The event is by invitational—what kinds of sailors does the event typically invite? Are we talking about polished One Design sailors and current/former college sailors, or are we talking more about club-level racers and Corinthians?

The event certainly attracts some of the best talent in Texas, and that was its original purpose. Every Club sends their best, making the champion the cream-of-the-crop.

As the event continues and with other Clubs having the opportunity to host, I imagine we'll see an evolution in its format and even the guest list.

What's the reason for capping the fleet size at ten boats?

Primarily, our fleet of 10 J/22s is designed to cater to ten teams. If there was a significant demand to exceed this number, I'm sure we could establish a rotation system.

However, given the present demand, the ten-team cap promotes early registration and coordination among the invited clubs.

The event uses charted J/22s. Can sailors arrive with their own sets of brand-new sails and other rigging? Or is that not in the spirit of this event?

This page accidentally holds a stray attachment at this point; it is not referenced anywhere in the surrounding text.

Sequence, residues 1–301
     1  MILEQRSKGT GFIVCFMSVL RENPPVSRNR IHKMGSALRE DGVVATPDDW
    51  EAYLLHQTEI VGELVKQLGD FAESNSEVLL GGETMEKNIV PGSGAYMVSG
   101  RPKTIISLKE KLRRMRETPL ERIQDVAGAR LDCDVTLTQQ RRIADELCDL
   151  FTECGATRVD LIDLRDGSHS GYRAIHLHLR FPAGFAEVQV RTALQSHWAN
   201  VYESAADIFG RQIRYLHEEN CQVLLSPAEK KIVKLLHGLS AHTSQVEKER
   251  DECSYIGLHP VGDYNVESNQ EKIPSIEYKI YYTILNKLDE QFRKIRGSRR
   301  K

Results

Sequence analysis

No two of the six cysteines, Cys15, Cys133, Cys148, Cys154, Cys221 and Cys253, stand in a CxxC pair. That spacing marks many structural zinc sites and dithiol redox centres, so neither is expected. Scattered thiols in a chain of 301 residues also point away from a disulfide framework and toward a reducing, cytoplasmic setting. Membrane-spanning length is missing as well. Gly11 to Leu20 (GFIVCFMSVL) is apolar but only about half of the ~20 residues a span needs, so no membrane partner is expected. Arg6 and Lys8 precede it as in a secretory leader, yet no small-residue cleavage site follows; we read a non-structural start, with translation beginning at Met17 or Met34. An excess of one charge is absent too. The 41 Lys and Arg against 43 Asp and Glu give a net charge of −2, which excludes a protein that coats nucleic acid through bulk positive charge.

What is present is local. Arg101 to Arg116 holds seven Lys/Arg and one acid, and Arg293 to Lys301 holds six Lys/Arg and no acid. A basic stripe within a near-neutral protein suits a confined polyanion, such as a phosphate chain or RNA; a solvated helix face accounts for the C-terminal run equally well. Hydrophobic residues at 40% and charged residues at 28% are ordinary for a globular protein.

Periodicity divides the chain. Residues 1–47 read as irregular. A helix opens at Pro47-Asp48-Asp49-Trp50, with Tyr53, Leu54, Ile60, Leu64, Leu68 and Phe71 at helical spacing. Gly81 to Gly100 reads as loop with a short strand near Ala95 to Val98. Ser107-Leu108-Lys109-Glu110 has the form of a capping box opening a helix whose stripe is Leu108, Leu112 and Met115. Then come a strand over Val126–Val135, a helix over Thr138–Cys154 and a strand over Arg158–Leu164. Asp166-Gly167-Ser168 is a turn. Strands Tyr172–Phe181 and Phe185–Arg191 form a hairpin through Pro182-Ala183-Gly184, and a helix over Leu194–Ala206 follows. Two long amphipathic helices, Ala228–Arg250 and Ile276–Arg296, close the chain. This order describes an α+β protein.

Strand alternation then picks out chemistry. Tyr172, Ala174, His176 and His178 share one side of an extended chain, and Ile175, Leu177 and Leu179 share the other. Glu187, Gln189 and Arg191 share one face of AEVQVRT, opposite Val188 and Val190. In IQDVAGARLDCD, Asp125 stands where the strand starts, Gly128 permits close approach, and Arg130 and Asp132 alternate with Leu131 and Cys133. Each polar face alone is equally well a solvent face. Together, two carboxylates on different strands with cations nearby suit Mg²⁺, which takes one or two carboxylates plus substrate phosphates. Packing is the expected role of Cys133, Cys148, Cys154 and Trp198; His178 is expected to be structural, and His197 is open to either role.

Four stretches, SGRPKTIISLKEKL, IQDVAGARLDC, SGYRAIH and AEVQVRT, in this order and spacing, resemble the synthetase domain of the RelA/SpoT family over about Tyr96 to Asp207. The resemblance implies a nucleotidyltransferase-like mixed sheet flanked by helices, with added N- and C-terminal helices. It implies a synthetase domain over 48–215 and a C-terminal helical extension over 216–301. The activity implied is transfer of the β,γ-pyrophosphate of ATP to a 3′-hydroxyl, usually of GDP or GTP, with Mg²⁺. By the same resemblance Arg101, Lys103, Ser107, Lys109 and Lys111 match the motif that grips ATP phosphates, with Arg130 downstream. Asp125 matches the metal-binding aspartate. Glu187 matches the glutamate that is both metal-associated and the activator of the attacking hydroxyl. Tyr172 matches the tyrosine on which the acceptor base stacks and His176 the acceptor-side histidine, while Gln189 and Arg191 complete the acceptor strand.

Typically, there are limitations on introducing personal sails/rigging. Fort Worth Boat Club recently received a very generous donation of new racing sails for our J/22 fleet from American National Bank & Trust, so our sails will be crispy.

Weather-wise, what kind conditions can sailors expect to encounter on Eagle Mountain Lake in early-to-mid December? What are the best-case and worst-case weather scenarios?

Sailing conditions in Texas during December, particularly in the Dallas Fort Worth area, can be varied. Generally, the weather is moderately chilly and breezy, with average highs of 59 degreesF and lows of 38 degreesF.

In terms of wind, you can expect conditions ranging from calm-to-moderate breeze. However, Texas weathermen love curveballs and past winters have seen temperatures drop below freezing. Extreme conditions are not the norm, but Texas sailors will be monitoring that ten-day forecast.

If conditions are not perfectly ideal, we'll hear about it at breakfast.